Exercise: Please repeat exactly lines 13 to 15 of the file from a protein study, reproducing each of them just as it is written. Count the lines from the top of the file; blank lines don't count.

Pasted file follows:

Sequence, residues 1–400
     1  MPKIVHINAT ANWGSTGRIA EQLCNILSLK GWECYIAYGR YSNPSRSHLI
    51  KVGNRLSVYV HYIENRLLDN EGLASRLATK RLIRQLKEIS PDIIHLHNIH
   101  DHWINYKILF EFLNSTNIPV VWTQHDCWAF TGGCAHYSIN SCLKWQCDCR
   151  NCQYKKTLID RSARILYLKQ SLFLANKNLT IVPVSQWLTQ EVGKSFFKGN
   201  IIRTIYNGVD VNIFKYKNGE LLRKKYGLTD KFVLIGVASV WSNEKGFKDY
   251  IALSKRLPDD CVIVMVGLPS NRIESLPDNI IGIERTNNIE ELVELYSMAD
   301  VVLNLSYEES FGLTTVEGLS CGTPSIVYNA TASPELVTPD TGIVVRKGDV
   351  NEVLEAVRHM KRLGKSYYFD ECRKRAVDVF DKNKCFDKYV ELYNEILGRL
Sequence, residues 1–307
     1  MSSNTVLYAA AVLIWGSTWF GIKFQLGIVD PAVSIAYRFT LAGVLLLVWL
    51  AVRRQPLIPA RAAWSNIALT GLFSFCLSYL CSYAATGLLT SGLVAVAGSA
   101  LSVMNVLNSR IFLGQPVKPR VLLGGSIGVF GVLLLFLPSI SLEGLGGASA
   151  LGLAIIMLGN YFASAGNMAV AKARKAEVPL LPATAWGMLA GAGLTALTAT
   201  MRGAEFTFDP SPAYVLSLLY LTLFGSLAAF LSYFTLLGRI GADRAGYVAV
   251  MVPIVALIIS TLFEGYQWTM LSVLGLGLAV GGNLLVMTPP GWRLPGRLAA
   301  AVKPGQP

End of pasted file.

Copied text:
   101  LSVMNVLNSR IFLGQPVKPR VLLGGSIGVF GVLLLFLPSI SLEGLGGASA
   151  LGLAIIMLGN YFASAGNMAV AKARKAEVPL LPATAWGMLA GAGLTALTAT
   201  MRGAEFTFDP SPAYVLSLLY LTLFGSLAAF LSYFTLLGRI GADRAGYVAV